I have a swamp! Please help!

Discussion in 'Coop & Run - Design, Construction, & Maintenance' started by ironcity83, Jun 5, 2017.

  1. ironcity83

    ironcity83 Just Hatched

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    I've never had this problem, but we have lately been getting a lot of rain. I throw my grass clippings into the run and my 20 hens love picking and digging in them. With all the rain the clippings have seemingly aided in water retention in the run and turned it to a swamp. They free range for a good part of the afternoon but seem unhappy when in the run. Has anyone had this problem? Is there anything I can do short of shoveling about 8" of composted grass out of the run? Thanks in advance.
     
  2. SunHwaKwon

    SunHwaKwon Overrun With Chickens

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    I would flip it and also start adding other stuff like leaves and twigs, weeds, etc to give it bulk and texture. I assume the grass is forming mats/sheets, and with it being wet the girls can't turn it properly. A bit of mulch and/or gravel or course sand might help as well.
     
  3. ironcity83

    ironcity83 Just Hatched

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    This may sound stupid, but do you mean just the mulch that you would use for a flower garden? Like the black stuff? Thanks.
     
  4. Folly's place

    Folly's place Overrun With Chickens

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    I use bagged shavings, sold for horse bedding, and then other stuff as it appears. It sounds like there's a drainage problem that should be fixed, and roofing helps a lot! Mary
     
  5. SunHwaKwon

    SunHwaKwon Overrun With Chickens

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    Ah yes, I guess it would help to know if the run is located close to the bottom of a slope or other runoff area, and if puddles are forming in the run.
     
  6. ironcity83

    ironcity83 Just Hatched

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    Drainage in the run is usually pretty good. Just seems like the clippings are maybe keeping the water from draining. I might try some sand this weekend.
     
  7. SunHwaKwon

    SunHwaKwon Overrun With Chickens

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    Yeah you may need to just remove the clippings. I ran into a similar issue a few winters ago when I covered the snow with straw. It was such a horrible soggy mess afterward. The straw trapped all the water in there so I had to rake and shovel out loads of heavy soppy stinky straw. Since I started the grass, leaves, etc though I haven't had any issues, even in winter. Are you letting the grass dry out a bit before adding it to the run? I have started using hay as well and it works really well. My run is ~750sq ft and I get a bale about once a month since I don't have a lot of clippings and stuff to add right now.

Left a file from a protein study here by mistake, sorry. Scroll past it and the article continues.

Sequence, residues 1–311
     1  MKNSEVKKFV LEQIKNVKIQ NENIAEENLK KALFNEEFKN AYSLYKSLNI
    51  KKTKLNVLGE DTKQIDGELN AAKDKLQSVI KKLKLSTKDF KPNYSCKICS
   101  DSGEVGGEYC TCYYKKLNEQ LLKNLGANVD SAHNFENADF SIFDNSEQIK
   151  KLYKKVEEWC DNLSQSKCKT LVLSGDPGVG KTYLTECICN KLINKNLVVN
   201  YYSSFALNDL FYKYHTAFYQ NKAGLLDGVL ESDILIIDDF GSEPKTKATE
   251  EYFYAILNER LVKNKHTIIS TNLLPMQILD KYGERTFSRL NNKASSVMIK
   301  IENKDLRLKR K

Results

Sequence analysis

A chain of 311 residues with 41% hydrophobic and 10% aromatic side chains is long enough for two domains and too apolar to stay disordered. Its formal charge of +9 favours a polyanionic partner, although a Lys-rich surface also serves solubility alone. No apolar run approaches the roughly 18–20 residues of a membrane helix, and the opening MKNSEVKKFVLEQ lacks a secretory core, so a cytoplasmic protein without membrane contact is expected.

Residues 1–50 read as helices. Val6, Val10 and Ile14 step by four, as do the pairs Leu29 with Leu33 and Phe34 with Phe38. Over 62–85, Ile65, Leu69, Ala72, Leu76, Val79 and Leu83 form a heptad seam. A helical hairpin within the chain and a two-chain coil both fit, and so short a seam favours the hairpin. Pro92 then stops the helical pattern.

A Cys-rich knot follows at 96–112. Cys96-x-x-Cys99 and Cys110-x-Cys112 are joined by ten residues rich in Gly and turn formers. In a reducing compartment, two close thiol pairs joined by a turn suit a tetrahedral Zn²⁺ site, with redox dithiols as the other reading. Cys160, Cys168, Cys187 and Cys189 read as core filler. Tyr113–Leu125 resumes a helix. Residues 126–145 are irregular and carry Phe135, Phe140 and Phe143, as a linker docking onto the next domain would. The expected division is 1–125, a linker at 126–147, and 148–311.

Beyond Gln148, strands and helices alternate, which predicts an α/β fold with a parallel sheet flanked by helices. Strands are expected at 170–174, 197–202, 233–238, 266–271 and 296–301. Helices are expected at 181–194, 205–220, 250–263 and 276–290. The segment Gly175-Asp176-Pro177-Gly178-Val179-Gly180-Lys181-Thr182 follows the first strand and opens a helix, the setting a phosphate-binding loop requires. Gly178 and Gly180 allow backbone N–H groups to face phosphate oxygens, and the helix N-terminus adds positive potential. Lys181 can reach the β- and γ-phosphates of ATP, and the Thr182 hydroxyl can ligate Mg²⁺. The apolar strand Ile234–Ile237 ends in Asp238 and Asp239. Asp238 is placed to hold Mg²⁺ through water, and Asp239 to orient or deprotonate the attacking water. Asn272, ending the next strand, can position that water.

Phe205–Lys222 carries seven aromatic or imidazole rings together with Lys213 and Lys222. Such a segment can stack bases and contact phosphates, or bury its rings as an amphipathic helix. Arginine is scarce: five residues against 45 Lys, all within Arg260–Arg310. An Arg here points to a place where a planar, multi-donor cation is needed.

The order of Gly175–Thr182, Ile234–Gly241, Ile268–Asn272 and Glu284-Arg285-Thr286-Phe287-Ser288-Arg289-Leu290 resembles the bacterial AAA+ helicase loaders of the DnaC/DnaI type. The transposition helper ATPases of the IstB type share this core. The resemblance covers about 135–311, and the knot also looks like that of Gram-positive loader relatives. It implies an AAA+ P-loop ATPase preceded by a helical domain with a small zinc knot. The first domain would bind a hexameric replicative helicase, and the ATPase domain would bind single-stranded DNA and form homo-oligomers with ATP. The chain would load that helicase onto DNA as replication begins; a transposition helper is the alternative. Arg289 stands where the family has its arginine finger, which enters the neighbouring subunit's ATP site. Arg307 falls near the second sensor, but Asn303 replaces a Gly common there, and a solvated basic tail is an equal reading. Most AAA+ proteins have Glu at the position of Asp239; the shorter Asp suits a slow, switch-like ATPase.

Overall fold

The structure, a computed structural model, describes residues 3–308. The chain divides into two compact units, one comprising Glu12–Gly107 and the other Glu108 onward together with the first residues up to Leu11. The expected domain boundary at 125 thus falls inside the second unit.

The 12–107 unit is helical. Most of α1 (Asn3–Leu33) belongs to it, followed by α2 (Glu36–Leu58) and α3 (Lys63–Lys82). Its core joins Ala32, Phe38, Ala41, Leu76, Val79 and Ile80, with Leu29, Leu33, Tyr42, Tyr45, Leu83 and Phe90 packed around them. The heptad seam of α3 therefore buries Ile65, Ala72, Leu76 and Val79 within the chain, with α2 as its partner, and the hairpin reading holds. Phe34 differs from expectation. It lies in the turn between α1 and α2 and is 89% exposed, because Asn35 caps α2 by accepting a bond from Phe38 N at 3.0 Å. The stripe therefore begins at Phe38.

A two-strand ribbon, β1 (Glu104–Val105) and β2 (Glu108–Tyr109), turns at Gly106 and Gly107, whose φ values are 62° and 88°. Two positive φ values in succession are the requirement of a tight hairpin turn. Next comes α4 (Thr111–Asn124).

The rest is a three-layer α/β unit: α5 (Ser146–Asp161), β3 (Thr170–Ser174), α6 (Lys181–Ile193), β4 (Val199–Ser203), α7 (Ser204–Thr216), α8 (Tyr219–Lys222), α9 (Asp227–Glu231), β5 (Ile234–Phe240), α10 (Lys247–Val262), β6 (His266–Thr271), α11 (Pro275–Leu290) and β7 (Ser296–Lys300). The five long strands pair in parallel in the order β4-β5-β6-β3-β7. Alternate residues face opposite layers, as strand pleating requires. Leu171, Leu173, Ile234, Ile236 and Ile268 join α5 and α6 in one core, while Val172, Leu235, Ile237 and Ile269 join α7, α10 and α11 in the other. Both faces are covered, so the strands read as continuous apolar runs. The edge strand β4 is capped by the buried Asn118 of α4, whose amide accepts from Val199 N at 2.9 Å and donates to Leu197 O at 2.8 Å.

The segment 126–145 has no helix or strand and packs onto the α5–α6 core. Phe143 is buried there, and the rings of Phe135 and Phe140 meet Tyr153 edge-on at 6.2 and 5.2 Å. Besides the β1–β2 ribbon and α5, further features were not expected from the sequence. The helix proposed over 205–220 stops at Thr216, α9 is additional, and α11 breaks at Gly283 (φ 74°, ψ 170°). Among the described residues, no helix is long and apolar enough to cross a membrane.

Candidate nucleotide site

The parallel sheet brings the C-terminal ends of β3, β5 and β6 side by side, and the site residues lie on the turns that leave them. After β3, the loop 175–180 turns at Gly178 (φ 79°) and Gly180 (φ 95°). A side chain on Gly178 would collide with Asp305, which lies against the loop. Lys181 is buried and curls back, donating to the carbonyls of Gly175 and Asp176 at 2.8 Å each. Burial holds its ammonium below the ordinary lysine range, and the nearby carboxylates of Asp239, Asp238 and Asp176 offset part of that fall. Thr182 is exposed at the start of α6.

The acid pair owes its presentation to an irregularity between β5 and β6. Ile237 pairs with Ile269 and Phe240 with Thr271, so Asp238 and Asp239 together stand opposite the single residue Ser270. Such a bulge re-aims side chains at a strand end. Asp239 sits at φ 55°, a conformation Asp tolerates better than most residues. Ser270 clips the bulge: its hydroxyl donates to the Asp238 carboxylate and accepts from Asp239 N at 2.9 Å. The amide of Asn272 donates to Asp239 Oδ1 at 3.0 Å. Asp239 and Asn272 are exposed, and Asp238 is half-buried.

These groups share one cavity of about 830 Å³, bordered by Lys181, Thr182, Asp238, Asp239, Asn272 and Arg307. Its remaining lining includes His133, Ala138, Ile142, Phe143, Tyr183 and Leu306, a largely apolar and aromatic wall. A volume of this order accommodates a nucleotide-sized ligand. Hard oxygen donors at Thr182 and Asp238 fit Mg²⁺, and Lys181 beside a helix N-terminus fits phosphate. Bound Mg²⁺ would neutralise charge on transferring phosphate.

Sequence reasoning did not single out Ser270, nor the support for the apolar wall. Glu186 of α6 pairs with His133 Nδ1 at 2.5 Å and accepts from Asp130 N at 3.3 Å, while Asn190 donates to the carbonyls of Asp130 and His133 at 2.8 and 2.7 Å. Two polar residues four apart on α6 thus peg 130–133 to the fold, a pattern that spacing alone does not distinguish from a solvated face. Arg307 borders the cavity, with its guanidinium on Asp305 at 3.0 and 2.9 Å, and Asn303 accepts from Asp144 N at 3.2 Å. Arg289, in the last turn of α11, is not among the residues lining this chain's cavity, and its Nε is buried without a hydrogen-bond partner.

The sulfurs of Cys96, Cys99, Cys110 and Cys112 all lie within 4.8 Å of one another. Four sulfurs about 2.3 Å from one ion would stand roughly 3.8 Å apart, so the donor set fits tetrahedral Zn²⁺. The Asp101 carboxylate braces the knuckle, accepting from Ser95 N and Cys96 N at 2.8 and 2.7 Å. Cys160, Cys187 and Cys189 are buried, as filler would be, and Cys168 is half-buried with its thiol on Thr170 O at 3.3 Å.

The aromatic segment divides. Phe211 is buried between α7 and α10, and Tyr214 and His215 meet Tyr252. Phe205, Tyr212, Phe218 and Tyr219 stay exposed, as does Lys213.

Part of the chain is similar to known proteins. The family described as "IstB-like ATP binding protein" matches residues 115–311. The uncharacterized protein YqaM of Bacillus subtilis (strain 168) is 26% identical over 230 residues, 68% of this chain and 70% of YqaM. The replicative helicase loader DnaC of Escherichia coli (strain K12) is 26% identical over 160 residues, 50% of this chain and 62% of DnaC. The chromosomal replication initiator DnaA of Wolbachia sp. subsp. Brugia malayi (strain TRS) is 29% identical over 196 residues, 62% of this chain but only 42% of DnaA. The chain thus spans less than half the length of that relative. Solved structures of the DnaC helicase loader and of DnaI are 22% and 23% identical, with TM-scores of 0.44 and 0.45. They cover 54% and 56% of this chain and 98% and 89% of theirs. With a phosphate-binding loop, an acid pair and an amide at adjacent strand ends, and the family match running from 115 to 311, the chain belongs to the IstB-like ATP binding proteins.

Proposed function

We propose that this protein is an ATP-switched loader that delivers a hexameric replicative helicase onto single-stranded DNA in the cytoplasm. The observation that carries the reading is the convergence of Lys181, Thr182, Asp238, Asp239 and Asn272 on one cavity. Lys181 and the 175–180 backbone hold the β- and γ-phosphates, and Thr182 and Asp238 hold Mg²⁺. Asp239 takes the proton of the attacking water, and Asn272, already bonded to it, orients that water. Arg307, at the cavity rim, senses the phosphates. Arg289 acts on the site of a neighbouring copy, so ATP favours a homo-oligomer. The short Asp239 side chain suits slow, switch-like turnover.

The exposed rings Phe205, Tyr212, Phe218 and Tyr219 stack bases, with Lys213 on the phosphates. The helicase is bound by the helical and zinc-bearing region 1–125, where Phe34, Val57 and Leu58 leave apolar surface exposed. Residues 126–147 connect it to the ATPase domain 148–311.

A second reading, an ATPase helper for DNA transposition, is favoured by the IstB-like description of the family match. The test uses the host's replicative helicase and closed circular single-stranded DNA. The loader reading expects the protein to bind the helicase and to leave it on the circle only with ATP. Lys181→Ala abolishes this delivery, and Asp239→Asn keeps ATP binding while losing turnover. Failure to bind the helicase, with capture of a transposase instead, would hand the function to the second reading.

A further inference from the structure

8. Sophocles

    Sophocles Out Of The Brooder

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    I don't know about sand, I'd imagine the fine particles will still just clump up with the grass.

    I imagine what's happening is usually the clippings you put in get turned by your chickens and it just gradually dries out evenly, but the excess water is making it clump together. Adding 'brown material' (as its referred to in composting, e.g. wood shaving, dry leaves, any dry organic material really) would both help with absorbing some of that water as well as provide some larger structures to help them. It'd create a miniature compost heap that your chickens should enjoy again, if you turn it once afterwards.
     
  9. Narvik

    Narvik New Egg

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    Hei, I live in Norway where rain can get pretty unpredictable. You have to sort out if your problem is accidental or if the drainage is the problem. You could remove the clippings and wait for better weather. Or you could drain your coop. I have used lots of hours to drain my property and it's still work in progress. If you start any drainage work, do not underestimate the problem. Double any drain size recommended and get done. Whenever garden areas are too moist I add sand, soil or organic substrate if the area seems to be dry.
    Peter
     
  10. SunHwaKwon

    SunHwaKwon Overrun With Chickens

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    Generally you use construction sand because it is more course than play sand. You want to choose what you add so that it complements what is already there, ie it may not do as much good if your soil is already very sandy. Sandy soils are known to drain pretty well, as does the beach when the tide goes out or after a heavy rain. When it comes to drainage, particle size is only half the story; the most important factor is pore size and collective pore space. Something that will create create pores in the soil and also between the blades of grass will help with the drainage. However, you do also want to add in the organic material to help with texture and matting.
     

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